It is understandable that websites like The Pirate Bay are a thorn in the side of copyright holders around the world, and the industries that rely on intellectual property to make money, like movie studios and record labels. This is why it hardly comes as a surprise to learn that in Singapore, changes made to the country’s Copyright Act will now force internet service providers to block illegal websites.
Prior to this, copyright holders had to submit takedown requests to internet service providers, as noted by CNET. Even then the requests could be ignored at the discretion of the internet service provider, but like we said, with the new changes in the Copyright Act, providers will now have to comply and block websites that are deemed to be illegal and infringing upon copyrighted material.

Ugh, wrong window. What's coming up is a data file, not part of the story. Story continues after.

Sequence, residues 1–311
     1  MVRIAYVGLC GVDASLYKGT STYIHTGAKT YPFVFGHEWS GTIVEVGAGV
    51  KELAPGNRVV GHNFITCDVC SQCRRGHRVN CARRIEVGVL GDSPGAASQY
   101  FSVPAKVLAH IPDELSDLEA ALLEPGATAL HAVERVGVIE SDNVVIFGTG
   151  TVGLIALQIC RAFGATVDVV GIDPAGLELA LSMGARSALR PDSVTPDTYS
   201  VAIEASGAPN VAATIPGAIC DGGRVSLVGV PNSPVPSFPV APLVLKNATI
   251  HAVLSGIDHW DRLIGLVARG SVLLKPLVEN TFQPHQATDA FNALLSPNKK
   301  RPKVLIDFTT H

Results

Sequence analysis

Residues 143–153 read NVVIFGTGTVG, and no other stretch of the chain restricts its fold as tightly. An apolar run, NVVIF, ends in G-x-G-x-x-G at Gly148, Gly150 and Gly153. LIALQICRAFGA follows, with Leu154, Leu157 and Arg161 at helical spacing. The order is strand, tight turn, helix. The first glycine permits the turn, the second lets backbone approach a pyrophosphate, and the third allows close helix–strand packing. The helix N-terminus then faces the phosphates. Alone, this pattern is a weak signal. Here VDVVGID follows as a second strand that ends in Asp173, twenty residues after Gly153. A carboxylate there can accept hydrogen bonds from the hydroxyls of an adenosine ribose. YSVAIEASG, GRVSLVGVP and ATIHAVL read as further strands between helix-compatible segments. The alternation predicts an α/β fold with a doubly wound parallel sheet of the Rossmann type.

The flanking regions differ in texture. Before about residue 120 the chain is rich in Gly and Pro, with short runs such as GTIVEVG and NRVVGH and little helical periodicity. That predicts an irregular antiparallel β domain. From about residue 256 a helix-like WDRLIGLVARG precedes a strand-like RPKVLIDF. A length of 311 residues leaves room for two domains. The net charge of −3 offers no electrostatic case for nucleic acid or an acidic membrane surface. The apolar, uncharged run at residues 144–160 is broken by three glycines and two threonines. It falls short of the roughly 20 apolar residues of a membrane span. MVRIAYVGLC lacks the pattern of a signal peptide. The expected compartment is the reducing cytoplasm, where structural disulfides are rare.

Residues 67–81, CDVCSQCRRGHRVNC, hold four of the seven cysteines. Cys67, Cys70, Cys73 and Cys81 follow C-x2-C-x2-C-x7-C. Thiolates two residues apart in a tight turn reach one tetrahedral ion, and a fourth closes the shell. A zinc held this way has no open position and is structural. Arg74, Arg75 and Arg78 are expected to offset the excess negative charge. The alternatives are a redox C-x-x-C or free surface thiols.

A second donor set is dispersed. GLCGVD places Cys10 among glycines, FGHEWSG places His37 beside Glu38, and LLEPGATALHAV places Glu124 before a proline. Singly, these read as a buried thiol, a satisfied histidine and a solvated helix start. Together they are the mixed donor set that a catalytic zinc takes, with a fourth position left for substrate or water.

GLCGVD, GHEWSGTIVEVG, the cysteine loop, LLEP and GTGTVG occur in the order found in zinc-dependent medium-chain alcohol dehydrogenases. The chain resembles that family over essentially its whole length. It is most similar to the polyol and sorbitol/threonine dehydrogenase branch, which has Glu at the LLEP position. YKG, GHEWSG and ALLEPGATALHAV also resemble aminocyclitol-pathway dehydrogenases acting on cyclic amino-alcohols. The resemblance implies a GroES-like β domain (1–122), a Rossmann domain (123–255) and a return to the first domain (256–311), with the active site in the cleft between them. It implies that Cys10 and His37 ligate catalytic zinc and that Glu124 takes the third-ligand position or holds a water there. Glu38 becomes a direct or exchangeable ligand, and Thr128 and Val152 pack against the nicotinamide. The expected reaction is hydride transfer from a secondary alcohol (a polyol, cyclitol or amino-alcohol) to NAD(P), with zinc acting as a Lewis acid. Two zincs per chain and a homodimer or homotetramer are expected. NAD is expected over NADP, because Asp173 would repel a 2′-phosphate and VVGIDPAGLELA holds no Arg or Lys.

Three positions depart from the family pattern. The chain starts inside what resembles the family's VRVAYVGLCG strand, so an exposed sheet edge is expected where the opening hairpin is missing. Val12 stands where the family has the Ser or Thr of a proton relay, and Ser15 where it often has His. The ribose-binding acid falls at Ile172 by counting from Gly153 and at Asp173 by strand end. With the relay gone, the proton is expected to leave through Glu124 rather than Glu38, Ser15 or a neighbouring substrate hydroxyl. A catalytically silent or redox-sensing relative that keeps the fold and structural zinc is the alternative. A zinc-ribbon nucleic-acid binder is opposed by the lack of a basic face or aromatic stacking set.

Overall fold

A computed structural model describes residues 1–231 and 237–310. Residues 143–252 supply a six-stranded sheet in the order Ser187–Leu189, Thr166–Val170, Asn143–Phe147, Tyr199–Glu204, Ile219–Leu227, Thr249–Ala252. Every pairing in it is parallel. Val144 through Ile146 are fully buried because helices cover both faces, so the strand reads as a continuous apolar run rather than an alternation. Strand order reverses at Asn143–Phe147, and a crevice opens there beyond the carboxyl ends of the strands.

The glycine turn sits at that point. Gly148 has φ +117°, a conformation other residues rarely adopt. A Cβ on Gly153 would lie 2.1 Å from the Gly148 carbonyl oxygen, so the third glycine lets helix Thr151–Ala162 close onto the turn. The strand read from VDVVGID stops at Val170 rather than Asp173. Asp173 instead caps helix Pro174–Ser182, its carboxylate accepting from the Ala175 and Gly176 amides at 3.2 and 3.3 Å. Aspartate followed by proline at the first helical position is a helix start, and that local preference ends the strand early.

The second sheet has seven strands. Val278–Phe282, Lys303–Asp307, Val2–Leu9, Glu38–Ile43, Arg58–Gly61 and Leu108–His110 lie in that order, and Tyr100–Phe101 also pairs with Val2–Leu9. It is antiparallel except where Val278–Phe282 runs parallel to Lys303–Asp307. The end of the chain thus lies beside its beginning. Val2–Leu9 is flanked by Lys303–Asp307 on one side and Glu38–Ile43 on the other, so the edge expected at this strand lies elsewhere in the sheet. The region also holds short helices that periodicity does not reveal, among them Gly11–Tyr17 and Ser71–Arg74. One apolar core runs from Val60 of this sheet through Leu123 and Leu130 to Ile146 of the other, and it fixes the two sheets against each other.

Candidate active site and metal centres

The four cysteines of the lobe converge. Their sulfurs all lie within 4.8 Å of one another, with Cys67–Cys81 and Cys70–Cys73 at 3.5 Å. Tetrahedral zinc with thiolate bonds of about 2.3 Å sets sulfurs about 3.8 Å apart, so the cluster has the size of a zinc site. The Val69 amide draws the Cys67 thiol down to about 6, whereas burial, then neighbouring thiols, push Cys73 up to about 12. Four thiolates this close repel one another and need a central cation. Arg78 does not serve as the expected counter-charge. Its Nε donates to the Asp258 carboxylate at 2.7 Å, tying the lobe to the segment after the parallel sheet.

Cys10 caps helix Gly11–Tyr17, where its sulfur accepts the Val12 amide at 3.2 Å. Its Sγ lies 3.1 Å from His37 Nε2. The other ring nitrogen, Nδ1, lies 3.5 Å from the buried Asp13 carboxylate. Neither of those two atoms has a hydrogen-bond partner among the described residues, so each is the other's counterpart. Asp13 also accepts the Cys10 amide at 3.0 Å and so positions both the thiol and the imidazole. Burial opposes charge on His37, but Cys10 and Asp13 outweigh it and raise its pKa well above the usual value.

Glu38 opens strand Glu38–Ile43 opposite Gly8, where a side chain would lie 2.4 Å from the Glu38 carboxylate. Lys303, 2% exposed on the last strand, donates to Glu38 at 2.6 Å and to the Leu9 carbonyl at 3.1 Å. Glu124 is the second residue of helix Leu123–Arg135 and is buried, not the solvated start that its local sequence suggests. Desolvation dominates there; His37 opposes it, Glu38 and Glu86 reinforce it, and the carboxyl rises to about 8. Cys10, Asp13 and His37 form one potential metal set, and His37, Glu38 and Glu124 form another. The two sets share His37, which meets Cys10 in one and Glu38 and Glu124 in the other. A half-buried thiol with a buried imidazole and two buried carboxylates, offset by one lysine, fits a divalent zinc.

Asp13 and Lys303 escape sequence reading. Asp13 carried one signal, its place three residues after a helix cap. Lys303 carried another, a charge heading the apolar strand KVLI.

All the copyright holder will have to do is submit an application to the Singaporean High Court, after which an internet provider will be ordered to block the offending website. While this is a great way to ban copyright infringing websites, it hardly seems like a concrete solution, namely because the more tech savvy users will be able to use VPNs to bypass the block and continue access said websites anyway.
However we guess it will deter the less tech savvy users who aren’t familiar with VPNs from accessing such websites, at least until a friend or family points them in that direction.